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July 2, 2008

Philippine stocks tumble on fears of rise in fuel price, inflation
Share prices of Philippine companies tumbled Tuesday to a 21-month low on fears that continuous oil price hikes, double-digit inflation and a slowing economy may hurt corporate earnings, a local daily quoted analysts as saying.

The 30-company Philippine Stock Exchange index (PSEi)—the barometer for stock price movements—fell by 1.82 percent or 44.73 points to 2,415.25 while the broader all-share index dropped 1.695 percent or 26.64 points to 1,545.04, reported The Manila Times.

According to the PSE, Tuesday’s close was the lowest after it ended at 2,406.48 points on September 14, 2006.

Total volume traded reached 1.418 billion shares worth P3.67 billion. Losers beat gainers 88 to 14 while shares of 39 companies were unchanged.

James Lago of PCCI Securities Brokers Corp. said investors were spooked by the pronouncement of the Bangko Sentral ng Pilipinas (BSP) that inflation last month hovered between 10.4 percent and 11.2 percent on the back of surging world oil prices, which hit a fresh record of $143 per barrel on Monday night. Soaring oil prices have caused domestic pump prices to climb, triggering wage and cost of living allowance adjustments.

Moreover, increases in the prices of rice, fruits and vegetables bolstered the central bank’s expectations of higher inflation last month.

Lago pegged the PSEi’s support level after Tuesday’s fall at between 2,380 and 2,400.

Ron Rodrigo, DBP-Daiwa Securities head of research, said inflation would drag down the economy, propelling companies to “cut their gains” while the volatility in oil prices would make it hard for firms to set their internal targets.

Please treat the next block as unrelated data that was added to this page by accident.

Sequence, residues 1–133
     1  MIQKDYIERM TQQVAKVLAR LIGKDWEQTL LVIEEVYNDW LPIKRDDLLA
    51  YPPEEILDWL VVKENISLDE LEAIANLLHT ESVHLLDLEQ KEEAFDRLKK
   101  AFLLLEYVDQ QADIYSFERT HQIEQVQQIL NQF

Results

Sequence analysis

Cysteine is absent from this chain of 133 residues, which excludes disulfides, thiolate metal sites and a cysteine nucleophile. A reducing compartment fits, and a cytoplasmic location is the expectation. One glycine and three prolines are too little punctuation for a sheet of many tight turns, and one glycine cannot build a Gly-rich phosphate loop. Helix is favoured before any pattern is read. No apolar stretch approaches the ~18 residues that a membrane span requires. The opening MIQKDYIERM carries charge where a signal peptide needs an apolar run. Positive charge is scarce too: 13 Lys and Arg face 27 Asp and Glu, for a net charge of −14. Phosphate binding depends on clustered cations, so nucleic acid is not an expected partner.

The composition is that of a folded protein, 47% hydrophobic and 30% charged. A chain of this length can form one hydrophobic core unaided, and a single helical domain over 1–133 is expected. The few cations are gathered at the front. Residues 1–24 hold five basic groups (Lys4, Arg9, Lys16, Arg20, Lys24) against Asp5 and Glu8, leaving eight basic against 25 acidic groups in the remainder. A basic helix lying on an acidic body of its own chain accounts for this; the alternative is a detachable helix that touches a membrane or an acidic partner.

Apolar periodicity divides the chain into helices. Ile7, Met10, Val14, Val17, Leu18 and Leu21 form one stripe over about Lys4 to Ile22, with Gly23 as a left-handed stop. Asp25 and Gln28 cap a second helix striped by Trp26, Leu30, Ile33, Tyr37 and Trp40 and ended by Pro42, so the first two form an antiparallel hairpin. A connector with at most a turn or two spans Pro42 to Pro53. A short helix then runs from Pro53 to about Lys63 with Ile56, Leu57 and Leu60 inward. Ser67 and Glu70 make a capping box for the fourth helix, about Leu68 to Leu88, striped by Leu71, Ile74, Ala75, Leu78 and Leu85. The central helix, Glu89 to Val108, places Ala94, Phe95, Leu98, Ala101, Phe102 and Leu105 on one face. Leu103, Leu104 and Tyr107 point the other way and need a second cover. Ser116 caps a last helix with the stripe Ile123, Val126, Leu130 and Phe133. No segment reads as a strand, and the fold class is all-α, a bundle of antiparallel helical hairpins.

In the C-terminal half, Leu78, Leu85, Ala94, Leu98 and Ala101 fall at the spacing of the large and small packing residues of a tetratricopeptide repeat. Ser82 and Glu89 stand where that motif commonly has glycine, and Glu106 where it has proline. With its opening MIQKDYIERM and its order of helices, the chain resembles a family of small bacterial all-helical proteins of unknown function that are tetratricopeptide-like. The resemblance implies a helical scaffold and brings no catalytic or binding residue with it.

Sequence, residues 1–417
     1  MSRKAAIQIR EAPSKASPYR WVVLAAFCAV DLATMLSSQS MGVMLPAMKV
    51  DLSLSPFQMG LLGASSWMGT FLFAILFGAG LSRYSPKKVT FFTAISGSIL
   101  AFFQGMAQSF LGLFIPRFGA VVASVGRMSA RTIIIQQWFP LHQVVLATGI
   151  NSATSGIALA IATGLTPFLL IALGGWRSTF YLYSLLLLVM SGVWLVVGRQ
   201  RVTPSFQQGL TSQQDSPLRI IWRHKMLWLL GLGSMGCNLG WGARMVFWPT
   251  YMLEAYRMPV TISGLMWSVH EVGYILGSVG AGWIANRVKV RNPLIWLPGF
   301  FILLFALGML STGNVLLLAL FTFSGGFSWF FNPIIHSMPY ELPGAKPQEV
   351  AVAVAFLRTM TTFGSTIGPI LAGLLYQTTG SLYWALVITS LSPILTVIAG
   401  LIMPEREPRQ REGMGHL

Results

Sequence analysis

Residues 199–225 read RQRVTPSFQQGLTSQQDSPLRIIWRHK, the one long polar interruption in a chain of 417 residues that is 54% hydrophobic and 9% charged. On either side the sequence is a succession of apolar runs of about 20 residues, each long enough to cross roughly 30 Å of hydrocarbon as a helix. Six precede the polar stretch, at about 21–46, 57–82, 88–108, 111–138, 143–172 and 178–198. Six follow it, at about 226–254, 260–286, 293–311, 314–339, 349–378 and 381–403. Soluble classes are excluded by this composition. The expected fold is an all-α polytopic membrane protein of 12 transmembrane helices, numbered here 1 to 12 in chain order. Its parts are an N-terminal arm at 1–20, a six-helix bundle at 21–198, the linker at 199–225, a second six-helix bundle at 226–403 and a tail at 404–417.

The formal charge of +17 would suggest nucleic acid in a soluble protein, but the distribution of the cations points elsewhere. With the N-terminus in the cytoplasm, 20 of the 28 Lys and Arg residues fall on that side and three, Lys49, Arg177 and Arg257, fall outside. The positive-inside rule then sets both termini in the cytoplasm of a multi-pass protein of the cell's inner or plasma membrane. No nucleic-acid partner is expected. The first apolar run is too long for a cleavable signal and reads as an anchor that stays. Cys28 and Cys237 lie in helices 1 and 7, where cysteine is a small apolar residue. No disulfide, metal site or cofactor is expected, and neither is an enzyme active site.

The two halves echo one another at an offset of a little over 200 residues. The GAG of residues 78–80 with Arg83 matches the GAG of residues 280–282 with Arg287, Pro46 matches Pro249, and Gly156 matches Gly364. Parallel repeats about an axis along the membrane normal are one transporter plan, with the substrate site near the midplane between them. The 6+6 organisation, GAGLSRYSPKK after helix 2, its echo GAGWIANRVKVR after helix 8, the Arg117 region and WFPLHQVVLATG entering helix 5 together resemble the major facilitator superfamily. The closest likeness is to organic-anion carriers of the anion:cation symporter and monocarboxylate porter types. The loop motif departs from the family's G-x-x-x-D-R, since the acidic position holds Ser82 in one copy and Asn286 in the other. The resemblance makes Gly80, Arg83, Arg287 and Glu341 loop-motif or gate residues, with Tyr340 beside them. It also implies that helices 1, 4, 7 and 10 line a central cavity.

Grace Cerdenia, 2Trade Asia head of research, said investors are more concerned about the effect of inflation on key interest rates, as the market expects the BSP will further tighten monetary policy by 25 to 50 basis points on July 17.

“Market reaction was expected as worldwide fund managers have accepted that interest rates have already bottomed out,” Cerdenia said.

With this scenario, companies—especially conglomerates—have become more cautious in terms of their expansion and financing plans. Some are opting for “the optimization of their internal cash” rather than other modes of fund raising, she added.

Some firms have already revised their revenue and profit forecasts in light of more expensive inputs and consumers’ dwindling purchasing power. Banks have also hinted at tighter interest spreads, which would propel them to seek other measures to keep their profits from being squeezed further by streamlining operations.

“Regionally, we’re in the same boat. Inflation is a contagion that other markets have to contend with,” Cerdenia said.


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